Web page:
What is your story of baptism? Were you baptized? When? What do you remember? What does your baptism mean to you? Think about these things, because I’m going to invite some sharing about this a little later.
We have had a series recently of dedications for infants in our congregation. In several of these dedications I have mentioned that the reason that we bless and dedicate our infants to growing in faith is that we Mennos don’t baptize children. Instead, we reserve that particular rite for adults who make a choice to follow Jesus. We hope and pray that our children will choose to follow Jesus live into their calling and God’s children, including making a commitment to Christian life through baptism. Anabaptists, in fact derived their name from their radical practice of rebaptizing adults who had already been baptized as children, rejecting that first baptism as invalid.
For those men and women, rebaptism, or refusing to baptize their children was an act of treason! Baptizing a baby not only made them members of the church, it also entered them as members and citzens of their nation or kingdom. To be baptized as an adult believer was (and is) to name one’s allegiance in Christ as king over all others.
Here we have a story of the baptism of Jesus himself. This is one of the reasons that those first Anabaptists claimed adult baptism as true baptism. In this story, one who is coming is proclaimed by John in the wilderness. A crowd of people is baptized. Jesus is one of them. He prays – presumably with all the others. The spirit descends in bodily form as a dove and voice is heard from heaven: You are my son, the beloved. With you I am well pleased. Or, some ancient authorities read, ‘today I have begotten you.’
This is the day that Jesus begins. This is his day of ‘yes’. This is the day that he steps into the public and becomes known. It is a pivotal moment in his life and ministry – pivotal in that there was a turning from an old way into a new one. He left behind private life and accept a ministry of preaching and healing and teaching, a call upon him.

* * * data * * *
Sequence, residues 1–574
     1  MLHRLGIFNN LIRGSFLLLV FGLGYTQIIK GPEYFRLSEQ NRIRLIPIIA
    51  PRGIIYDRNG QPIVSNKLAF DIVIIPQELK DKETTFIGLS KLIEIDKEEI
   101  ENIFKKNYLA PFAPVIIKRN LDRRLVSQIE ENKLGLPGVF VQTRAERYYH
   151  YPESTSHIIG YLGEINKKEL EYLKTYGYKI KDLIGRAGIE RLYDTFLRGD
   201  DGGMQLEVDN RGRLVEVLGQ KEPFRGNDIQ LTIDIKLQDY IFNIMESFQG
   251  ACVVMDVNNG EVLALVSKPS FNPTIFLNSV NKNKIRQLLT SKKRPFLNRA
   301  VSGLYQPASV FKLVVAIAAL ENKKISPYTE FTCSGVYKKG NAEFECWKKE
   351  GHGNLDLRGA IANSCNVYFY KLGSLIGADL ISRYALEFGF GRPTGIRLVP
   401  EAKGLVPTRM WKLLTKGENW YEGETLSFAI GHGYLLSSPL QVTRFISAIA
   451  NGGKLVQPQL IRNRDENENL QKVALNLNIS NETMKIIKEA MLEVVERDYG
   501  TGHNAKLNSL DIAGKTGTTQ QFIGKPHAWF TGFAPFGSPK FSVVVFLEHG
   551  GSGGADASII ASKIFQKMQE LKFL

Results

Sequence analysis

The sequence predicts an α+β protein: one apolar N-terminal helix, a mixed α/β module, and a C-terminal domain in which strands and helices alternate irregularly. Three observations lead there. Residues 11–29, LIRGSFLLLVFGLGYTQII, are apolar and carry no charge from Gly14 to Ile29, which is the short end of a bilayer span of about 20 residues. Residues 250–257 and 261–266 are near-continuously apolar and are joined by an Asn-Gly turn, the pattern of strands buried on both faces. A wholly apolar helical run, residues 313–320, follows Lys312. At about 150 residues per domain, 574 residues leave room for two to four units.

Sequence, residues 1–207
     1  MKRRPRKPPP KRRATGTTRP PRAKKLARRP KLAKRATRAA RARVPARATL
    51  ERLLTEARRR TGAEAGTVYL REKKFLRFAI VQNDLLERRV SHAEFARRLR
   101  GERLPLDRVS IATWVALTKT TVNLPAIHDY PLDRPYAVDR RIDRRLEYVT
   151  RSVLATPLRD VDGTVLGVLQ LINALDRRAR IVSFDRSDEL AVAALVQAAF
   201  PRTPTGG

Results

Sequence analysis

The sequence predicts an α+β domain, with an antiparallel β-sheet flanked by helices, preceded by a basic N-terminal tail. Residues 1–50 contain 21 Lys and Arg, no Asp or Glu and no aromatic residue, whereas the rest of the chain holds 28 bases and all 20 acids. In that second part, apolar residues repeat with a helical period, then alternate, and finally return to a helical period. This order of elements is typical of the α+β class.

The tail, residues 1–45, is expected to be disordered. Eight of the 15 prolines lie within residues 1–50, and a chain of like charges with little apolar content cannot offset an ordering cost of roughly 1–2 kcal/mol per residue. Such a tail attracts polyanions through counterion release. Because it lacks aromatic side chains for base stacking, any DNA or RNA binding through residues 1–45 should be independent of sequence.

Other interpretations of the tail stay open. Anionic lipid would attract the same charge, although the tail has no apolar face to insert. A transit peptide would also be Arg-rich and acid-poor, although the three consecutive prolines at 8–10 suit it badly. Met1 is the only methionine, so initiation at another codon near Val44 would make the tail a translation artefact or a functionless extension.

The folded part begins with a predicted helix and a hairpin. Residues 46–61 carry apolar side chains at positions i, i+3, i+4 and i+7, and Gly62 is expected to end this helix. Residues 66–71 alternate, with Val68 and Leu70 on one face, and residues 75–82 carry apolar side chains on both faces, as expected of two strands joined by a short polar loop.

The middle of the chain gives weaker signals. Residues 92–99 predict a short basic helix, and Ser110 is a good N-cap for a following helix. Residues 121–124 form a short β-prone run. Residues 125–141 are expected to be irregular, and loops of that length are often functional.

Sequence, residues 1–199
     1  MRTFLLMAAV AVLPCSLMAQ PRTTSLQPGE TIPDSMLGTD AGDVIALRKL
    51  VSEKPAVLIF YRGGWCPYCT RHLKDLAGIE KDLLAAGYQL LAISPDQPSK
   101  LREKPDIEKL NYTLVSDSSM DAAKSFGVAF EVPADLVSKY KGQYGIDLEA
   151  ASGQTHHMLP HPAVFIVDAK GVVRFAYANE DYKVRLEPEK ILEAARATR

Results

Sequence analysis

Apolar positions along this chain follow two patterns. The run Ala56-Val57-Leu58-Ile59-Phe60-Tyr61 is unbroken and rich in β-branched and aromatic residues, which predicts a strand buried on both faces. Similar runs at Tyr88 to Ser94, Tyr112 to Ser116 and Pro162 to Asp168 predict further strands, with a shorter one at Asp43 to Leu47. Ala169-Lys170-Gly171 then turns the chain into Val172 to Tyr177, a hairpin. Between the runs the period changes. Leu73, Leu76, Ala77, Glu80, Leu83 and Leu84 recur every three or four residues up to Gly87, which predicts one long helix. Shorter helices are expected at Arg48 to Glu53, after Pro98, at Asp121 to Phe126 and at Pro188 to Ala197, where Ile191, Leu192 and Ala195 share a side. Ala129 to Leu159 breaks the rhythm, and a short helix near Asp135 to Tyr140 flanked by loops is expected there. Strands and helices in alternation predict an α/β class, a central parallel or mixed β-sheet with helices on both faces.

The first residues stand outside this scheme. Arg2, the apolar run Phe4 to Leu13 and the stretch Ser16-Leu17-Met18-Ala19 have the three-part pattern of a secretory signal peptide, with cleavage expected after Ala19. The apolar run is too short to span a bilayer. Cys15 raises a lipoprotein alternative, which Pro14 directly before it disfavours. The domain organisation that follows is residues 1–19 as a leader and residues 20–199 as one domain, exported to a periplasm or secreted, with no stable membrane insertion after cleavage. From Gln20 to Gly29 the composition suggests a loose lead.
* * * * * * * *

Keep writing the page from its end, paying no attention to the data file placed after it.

For those Anabaptists, our ancestors of faith, baptism was one of the central elements of faithfulness. A believer accepted the gift of God’s grace and love by leaving stepping in/through the water of baptism into new life. Begotten or born anew. Our ancestors talked of not one but three baptisms, and Mennonite theology today continues to think about baptism in a threefold way. The baptism of Spirit, the baptism of water and the baptism of blood.
Water is just water. But the water is also a sign. In Mennonite theology we do not have sacraments (Weldon might argue with me on this) but baptism, like the bread an cup in the Lord’s supper, like the ritual of marriage or ordination, is a sign of a spiritual action on God’s part. An outward sign of an inward and spiritual truth. We say the words, “I baptize you with water, may God baptize you with the Holy Spirit.” We expect and invite the blessing and proclamation by God that we too are God’s beloved, that we are born anew in baptism.
Now, water is just water. But it is the means by which we make this step of faith. Water is the necessary outward witness. It is the thing that is the same in every case of baptism. There is no baptism by jello, or by hairspray, or by tomato juice. Jesus was immersed in the Jordan and we use that same sign. Water is what cleanses, what washes away. Water refreshes and brings new life.
And just as Jesus was in a gathered community when he was baptized, we make our water baptism in the presence of our gathered community. Baptism is not individual or personal. Baptism is a pledge before one’s family of faith that witnesses to what God is doing. It is also like marriage in this way – a commitment made in a particular community to be supported and to be accountable in our faith journey.
The baptism of blood is perhaps the part of this triune way of talking about baptism that has the least meaning for us today. For the first Anabaptists, it was very truly, a commitment in their baptism to the real possibility of arrest, persecution and death for claiming Christly lordship. Many of our ancestors suffered real persecutions and their commitment to a way of peace and the lordship of Christ meant a life of hiding, running and fear. This is still true for our brothers and sister in many parts of the world – Indonesia and some parts of Africa, for example.
But we are also called to a commitment to Christ over empire – even (and maybe especially) American empire. Our baptism calls us to accountability for how we engage in our culture. The ‘baptism of blood’ is the baptism that engages us with our world, it is the baptism we live into.
For Jesus, of course, his baptism was the first public step in a ministry that did lead to his death. Next week we hear Jesus first ‘sermon’ recorded in the Gospels – his quotation of Isaiah as the one who brings justice, sets prisoners free and gives sight to the blind. These acts of love, his radical hospitality to all, the way people were compelled to follow, threatened establishment and empire so much that he was killed for it. Our baptisms are modeled after his.
Well, now I’ve talked about what baptism means in a theological sense. I am very curious what it means in a personal sense. I am curious about what your baptism means to you. I invite your testimony and your witness to the power of God present in your baptism.